I was looking forward to this as I enjoy the rickety old guy fight back genre and hoping for more of the same here. Gibson is good as that slightly unbalanced action hero as we all know him but the magic didn’t quite happen here for me. It gets surprisingly good write -ups in the broadsheets around the world but the plot is pretty feeble and without Gibson you are in straight to DVD territory here. Some of the writing lifts proceedings with humorous lines to match the graphic violence but you don’t have that feeling of tongue-in-cheek slick cool these movies need to work best. The lumbering Liam Neeson stuff is fabulous as he is mean but cool where as Gibson looks old on screen and you know he is only doing these movies as he can’t get much else. It was the same thing in his films like Get the Gringo, Edge of Darkness and Machete Kills. The chubby Russell Crowe will be next to slump over the bar in this genre I fear.

It’s a solid 3/5 and only Gibson’s 7th film in ten years as his 60th birthday arrives. The iconic blue eyes look tired and his regulation movie height of 5ft 10 looks smaller now. As I say the magic is gone and he needs a big one to get back on top. There is not much left of Mad Max. But there is just enough to entertain here and Erin Moriarty a very beautiful young women as his daughter. Will H Macy’s career has also drifted and Magnolia seems a long time ago. Gibson fans only.

===RATINGS=== – 6.4 /10.0 (45.234votes) – 88% critic’s approval – 66% critic’s approval



Financial Times –‘The dialogue goes like a Gatling gun and the action is its match’.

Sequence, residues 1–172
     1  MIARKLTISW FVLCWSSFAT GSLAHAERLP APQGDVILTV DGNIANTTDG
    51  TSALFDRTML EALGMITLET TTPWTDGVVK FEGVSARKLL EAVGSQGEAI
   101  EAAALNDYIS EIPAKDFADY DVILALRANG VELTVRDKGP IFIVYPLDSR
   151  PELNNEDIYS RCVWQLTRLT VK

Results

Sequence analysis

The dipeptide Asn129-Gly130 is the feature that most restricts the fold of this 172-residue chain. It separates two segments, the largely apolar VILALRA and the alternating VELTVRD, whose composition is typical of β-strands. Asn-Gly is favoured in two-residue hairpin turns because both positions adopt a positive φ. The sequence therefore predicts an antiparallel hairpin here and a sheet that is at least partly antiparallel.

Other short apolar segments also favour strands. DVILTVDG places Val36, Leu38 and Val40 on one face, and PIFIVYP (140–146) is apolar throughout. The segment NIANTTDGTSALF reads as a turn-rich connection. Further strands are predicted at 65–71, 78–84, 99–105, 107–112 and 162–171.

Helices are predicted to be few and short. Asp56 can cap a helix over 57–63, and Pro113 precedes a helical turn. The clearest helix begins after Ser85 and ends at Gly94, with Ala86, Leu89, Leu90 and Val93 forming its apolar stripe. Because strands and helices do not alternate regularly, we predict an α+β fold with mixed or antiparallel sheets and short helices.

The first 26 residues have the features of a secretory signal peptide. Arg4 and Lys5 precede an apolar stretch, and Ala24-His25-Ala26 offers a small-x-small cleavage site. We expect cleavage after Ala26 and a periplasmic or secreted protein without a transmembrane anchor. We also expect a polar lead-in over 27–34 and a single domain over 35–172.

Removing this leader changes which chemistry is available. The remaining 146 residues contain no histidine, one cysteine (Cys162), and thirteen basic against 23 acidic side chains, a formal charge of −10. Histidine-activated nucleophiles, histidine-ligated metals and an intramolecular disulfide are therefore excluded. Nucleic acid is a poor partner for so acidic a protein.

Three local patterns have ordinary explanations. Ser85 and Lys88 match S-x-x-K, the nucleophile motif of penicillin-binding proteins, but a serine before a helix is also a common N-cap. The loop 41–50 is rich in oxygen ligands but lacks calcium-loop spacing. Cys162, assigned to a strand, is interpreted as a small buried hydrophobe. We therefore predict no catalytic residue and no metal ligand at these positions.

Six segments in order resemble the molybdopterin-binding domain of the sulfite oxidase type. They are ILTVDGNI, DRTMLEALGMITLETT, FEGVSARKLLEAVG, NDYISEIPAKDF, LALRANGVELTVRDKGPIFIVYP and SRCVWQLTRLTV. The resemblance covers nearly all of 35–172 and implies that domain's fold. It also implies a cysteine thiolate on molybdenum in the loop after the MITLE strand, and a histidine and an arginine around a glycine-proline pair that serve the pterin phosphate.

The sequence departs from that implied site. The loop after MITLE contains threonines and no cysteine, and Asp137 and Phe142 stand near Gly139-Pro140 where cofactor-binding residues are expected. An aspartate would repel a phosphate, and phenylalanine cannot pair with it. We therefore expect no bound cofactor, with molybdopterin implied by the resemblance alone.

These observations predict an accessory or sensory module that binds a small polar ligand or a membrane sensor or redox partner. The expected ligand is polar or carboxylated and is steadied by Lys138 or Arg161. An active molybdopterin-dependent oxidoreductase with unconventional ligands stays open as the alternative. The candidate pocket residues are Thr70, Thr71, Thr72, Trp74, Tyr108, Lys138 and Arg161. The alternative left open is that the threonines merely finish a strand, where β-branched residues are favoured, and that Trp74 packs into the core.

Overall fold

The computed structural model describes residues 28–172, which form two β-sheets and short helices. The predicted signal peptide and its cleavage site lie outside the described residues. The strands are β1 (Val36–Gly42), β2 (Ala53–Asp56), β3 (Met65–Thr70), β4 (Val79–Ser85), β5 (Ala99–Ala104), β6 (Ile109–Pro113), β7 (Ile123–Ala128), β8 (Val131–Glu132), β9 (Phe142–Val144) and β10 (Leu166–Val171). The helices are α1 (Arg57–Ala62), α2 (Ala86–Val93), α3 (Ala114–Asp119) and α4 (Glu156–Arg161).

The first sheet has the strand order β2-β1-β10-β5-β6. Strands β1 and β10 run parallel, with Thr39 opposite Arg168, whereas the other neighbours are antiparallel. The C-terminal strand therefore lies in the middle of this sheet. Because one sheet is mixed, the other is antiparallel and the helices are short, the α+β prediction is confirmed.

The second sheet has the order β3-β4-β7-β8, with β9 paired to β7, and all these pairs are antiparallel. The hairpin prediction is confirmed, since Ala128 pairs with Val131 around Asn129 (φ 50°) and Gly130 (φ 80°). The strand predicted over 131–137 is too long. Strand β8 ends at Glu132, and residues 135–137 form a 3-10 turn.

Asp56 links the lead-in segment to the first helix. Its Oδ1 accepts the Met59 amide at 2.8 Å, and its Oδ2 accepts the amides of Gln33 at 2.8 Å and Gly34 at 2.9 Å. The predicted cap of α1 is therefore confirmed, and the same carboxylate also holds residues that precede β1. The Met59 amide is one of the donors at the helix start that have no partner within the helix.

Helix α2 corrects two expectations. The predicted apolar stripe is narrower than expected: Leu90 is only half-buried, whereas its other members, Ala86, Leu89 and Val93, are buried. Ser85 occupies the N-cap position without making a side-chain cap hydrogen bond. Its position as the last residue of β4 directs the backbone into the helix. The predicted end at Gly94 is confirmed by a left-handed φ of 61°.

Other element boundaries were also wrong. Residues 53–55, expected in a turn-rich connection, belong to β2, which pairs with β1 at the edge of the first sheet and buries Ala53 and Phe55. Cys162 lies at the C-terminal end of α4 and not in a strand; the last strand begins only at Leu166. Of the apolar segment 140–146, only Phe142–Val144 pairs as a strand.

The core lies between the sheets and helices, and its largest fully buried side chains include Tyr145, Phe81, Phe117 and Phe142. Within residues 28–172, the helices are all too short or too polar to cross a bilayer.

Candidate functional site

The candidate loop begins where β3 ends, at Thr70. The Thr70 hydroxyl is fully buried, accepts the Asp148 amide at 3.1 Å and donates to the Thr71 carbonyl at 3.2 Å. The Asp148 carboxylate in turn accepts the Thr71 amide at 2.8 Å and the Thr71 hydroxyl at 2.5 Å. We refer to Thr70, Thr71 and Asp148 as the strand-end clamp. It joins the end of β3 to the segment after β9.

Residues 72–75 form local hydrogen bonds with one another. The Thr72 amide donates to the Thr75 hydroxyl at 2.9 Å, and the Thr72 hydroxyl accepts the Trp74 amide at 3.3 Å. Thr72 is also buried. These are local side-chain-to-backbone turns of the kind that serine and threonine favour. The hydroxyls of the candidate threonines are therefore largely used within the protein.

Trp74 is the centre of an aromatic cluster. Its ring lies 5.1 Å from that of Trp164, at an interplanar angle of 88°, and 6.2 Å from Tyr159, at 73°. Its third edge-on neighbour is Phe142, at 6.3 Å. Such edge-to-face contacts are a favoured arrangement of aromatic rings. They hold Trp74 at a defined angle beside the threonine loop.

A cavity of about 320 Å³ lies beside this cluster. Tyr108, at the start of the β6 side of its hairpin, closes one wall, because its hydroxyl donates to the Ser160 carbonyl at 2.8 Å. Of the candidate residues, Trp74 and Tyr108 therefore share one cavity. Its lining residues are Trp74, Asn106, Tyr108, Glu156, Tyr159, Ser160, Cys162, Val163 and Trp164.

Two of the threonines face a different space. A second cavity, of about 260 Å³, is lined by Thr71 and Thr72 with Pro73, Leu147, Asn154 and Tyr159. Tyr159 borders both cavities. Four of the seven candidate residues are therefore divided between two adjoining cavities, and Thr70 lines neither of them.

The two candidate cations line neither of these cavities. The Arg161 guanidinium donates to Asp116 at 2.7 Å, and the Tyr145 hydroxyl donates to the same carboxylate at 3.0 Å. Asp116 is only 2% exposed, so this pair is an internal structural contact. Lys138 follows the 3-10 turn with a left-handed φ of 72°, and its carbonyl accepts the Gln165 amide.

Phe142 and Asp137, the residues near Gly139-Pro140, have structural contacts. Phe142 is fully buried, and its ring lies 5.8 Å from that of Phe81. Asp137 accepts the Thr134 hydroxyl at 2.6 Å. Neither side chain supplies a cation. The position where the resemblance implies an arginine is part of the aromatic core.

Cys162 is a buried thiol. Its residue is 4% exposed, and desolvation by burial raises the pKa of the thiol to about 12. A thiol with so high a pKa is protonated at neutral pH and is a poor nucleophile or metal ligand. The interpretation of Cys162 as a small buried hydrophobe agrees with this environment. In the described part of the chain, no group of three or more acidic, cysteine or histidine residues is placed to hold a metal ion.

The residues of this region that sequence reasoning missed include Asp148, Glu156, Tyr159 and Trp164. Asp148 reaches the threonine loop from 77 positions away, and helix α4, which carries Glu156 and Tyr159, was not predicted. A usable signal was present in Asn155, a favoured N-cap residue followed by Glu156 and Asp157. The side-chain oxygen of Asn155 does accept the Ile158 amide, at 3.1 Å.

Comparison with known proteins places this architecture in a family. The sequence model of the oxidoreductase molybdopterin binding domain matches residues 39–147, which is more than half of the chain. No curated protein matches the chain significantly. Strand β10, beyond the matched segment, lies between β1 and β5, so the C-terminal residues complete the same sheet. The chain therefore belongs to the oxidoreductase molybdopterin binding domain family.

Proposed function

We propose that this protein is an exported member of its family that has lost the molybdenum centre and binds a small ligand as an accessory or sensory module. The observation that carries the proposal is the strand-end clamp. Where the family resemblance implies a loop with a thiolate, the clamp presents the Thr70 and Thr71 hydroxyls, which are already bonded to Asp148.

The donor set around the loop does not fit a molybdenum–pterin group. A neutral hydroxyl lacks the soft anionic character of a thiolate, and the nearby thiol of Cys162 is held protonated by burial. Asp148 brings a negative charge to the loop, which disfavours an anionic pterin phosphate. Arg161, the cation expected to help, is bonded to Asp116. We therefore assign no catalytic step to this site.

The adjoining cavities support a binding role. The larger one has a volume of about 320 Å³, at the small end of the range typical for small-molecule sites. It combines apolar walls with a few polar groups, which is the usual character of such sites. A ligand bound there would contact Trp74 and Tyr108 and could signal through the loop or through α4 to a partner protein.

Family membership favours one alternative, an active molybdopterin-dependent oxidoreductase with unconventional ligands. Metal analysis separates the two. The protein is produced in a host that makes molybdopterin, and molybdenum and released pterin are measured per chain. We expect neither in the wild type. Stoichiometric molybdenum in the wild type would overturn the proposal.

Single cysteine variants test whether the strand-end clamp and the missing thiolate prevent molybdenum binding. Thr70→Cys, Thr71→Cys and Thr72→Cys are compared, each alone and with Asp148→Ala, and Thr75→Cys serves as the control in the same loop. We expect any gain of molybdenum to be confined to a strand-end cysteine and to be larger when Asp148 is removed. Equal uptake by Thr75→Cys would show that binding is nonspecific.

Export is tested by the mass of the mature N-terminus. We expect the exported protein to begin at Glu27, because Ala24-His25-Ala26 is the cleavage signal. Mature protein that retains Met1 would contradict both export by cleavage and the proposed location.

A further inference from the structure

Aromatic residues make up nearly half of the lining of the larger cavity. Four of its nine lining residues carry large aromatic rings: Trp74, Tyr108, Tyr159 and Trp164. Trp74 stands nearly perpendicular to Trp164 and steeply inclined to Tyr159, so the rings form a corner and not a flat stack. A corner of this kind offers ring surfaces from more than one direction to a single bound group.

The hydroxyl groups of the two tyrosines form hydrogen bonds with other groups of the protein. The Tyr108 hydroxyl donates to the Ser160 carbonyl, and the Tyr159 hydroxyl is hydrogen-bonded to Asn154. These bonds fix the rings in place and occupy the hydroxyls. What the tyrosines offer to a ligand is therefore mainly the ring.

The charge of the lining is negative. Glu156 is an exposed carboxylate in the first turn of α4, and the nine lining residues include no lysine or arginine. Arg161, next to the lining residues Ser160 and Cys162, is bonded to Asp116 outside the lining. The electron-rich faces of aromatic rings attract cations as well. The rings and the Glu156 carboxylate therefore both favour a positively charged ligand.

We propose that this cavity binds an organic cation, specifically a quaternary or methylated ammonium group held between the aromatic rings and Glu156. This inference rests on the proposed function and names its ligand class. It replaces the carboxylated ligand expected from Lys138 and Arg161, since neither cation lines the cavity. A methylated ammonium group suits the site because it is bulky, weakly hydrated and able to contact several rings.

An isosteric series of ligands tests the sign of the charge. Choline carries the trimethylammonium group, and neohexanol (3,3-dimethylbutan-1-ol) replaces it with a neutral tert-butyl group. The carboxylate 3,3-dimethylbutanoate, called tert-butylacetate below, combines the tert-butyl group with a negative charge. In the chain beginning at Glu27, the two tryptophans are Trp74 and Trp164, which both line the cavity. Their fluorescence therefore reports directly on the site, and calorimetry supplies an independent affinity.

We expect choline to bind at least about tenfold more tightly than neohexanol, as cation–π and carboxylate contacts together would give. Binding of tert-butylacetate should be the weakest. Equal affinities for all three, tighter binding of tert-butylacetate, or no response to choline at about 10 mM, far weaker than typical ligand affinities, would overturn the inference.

Independent –‘Gibson is only 60 years old, a few years younger than Liam Neeson, and so could conceivably continue appearing in action movies like this for years to come. He clearly has the knack for it’.

Daily Telegraph –‘In the grizzled spectacle Gibson willingly makes of himself, it has a B-movie equivalent of that A-plus Mickey Rourke comeback, delivered with just enough clout to count as a step in the right direction’.

The Mail –‘It would’ve been a straight-to-video thing if its star wasn’t named ‘Mel Gibson’.

Total Film –‘Jean-François Richet elevates the predictable action with swagger, while a grizzled Gibson gives us glimpses of his glory days’.

Movie Talk –‘The ensuing action is very much in the Taken vein… but director Jean-François Richet handles the action briskly, while Mel displays an impressive emotional vulnerability – when he isn’t knocking lumps out of the bad guys’

Irish Times –‘Blood Father boasts enough momentum and lively banter to compensate for any generic leanings’.



What do you think?


Written by Phillip Ellis